How do we know that marketing works? It was National Poetry Day in Britain recently, and I do believe that poetry and imagination, and the wisdom and insights it can bring, has a place in business and corporate world. But wisdom isn’t knowledge; it does not immediately convince in the way that facts presented as a coherent story does. So when I am asked “how do we know marketing works?” the question usually means “how do we collect facts and present them in a persuasive narrative that will convince the board?”
My background is the hard science of experimental particle physics at CERN where nothing is discovered unless you have replicated the experiment with at least five sigma significance. Max Planck is one of the founders of this science, so when he says that
experiment is the only means of knowledge I am with him. It is in my DNA.
The beauty of Marketing is that in many, many cases we can indeed experiment and gain knowledge that way. We go through all the basics both concepts and practical with hands-on exercises on real data in our Marketing Analytics Using R training course.
Consider a direct marketing campaign, that is, a message or a series of messages directed to identified individuals with the objective of changing their behaviour. It could be delivered classically as addressed postal letters, emails, telephone calls, and so on, or as targeted web site promotions or social media campaigns but to identified users. The key is that you know who gets to see the message (at least initially; we’ll leave the effect of sharing and viral campaigns to the course). This is sometimes known as ‘below the line’ (BTL) advertising.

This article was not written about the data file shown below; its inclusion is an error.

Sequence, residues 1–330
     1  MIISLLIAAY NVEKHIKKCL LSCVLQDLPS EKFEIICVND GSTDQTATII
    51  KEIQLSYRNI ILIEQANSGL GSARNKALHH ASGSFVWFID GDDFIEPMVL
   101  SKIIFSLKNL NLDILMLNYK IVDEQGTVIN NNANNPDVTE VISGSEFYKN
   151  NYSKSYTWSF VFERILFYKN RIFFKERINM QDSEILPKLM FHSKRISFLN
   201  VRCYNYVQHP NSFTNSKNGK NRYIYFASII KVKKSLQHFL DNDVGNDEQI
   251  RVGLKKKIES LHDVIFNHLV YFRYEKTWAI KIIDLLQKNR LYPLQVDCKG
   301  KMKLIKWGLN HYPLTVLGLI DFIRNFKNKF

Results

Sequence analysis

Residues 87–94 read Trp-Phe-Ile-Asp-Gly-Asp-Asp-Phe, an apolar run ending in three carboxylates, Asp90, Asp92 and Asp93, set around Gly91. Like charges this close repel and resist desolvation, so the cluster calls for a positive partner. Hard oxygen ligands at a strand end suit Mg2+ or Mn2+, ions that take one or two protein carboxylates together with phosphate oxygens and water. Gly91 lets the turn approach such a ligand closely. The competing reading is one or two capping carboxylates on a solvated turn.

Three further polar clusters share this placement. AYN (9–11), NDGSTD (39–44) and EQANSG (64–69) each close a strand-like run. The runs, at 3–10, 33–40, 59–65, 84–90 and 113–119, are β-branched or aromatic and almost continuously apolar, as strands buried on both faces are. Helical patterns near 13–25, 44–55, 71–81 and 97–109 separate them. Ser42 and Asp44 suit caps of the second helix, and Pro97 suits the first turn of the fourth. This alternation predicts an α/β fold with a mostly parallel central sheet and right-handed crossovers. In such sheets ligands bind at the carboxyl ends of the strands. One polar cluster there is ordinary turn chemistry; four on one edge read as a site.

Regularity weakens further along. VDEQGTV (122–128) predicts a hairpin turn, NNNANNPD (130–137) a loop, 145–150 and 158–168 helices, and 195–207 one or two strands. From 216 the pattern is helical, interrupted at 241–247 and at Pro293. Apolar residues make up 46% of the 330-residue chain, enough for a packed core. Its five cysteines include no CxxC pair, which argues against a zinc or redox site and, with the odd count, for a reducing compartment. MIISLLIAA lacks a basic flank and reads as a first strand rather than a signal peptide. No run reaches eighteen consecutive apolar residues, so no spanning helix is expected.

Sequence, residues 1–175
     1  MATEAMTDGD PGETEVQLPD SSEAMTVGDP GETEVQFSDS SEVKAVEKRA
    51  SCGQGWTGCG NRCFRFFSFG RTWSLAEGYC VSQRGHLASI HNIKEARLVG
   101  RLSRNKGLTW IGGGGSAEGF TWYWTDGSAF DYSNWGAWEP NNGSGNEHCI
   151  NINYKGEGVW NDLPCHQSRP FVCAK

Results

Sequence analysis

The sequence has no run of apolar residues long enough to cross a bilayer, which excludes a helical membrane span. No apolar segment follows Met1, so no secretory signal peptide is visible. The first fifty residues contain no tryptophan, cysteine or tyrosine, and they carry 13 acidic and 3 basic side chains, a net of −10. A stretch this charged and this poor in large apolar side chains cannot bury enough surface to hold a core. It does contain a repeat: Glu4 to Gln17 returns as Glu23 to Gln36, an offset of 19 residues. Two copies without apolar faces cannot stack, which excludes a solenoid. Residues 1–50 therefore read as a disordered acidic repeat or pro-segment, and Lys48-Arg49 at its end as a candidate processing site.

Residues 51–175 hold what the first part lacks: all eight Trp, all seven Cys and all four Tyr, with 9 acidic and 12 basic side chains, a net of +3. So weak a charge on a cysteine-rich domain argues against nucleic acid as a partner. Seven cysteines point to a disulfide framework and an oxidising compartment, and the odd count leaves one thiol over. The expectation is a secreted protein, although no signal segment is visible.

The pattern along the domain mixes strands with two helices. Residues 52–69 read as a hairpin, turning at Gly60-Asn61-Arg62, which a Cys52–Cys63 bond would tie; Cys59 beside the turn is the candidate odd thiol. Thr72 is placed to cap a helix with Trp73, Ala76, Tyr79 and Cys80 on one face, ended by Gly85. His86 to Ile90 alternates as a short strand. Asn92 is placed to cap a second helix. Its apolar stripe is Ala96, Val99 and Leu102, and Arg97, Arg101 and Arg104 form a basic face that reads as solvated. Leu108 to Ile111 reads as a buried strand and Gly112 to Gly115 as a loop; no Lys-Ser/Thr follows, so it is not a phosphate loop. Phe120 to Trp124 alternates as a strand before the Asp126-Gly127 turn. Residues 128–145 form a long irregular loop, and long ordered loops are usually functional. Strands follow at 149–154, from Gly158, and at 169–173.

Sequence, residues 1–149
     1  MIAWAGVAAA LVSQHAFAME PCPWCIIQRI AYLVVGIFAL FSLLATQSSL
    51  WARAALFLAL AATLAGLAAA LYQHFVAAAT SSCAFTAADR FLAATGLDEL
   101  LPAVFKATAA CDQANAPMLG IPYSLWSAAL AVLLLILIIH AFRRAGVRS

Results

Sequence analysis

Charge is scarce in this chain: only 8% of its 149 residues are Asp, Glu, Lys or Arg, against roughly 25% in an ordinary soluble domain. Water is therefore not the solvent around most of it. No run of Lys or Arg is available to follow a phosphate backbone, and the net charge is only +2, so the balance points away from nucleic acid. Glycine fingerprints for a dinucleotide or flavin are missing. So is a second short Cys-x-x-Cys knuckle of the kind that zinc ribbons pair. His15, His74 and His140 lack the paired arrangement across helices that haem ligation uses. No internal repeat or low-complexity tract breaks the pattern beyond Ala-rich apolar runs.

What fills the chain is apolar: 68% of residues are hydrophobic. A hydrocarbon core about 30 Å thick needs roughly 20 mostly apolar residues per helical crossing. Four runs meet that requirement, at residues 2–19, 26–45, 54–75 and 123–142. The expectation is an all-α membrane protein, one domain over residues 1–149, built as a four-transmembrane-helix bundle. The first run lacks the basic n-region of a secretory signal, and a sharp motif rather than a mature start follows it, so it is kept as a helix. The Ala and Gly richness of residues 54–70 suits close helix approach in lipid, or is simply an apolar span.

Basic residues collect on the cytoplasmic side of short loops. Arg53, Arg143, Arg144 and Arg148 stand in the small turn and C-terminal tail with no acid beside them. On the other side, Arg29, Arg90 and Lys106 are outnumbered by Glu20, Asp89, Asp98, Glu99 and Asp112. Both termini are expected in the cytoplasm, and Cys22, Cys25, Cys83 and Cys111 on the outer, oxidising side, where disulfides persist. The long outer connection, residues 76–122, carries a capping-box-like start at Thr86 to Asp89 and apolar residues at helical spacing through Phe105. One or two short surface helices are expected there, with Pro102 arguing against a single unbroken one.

This is different from what we might call advertising, that is broad messages to groups of individuals. You might think classical TV, radio, or newspaper ads, or broad banner ads, google ads, paid-for blog posts, and so on. While the target group may be identified, e.g. by the TV they watch, magazines they read, or web sites they visit, the individual is not known, only the aggregate group characteristics. Old school marketing managers may call this ‘above the line’ (ATL) advertising.
For direct marketing the key concept is that of test and control groups. If you come from a digital marketing background then you may know this as ‘A/B testing’. The basic idea is that you generate your target list of individuals to whom you want to send your message and then take a ramdom sample of that list away as your control group to which you do not communicate. If the two groups are really comparable in terms of the types of individuals in them, and they should be if you selected a true random, unbiased sample, and the only difference in your treatment of the two groups is sending or not sending the marketing message, then any difference in future behaviour, such as different spending patters, must be down to your campaign. This is science, this is experiment, and Planck would be proud. There are some subtleties to make sure you select the groups right (such as no peeking of the results during the experiment) but not much. It is simple, it is effective, and it works.
If you are not using robust test and control groups for your direct marketing campaigns, then start now. Today. Get measuring. Then stop all the campaigns that produce a negative result.
Yes, negative result; campaigns that make customers less likely to buy, more likely to defect to the competition, or more needing of (expensive and unproductive) support from you. We call it Stop Doing Stupid Stuff. At client after client the quick win has more often than not been to Stop Doing Stupid Stuff. Don’t beat yourself up if you have some campaigns with negative returns; I can assure you that you are not alone. It is very easy to become so hung up on your great ideas about what should work that you forget to question if it really does work. Imagination can be useful, but to enhance our understanding of what is real, not instead of it. Just figure out today what real and what is imagines, and then stop the campaigns with negative outcomes. Get the facts.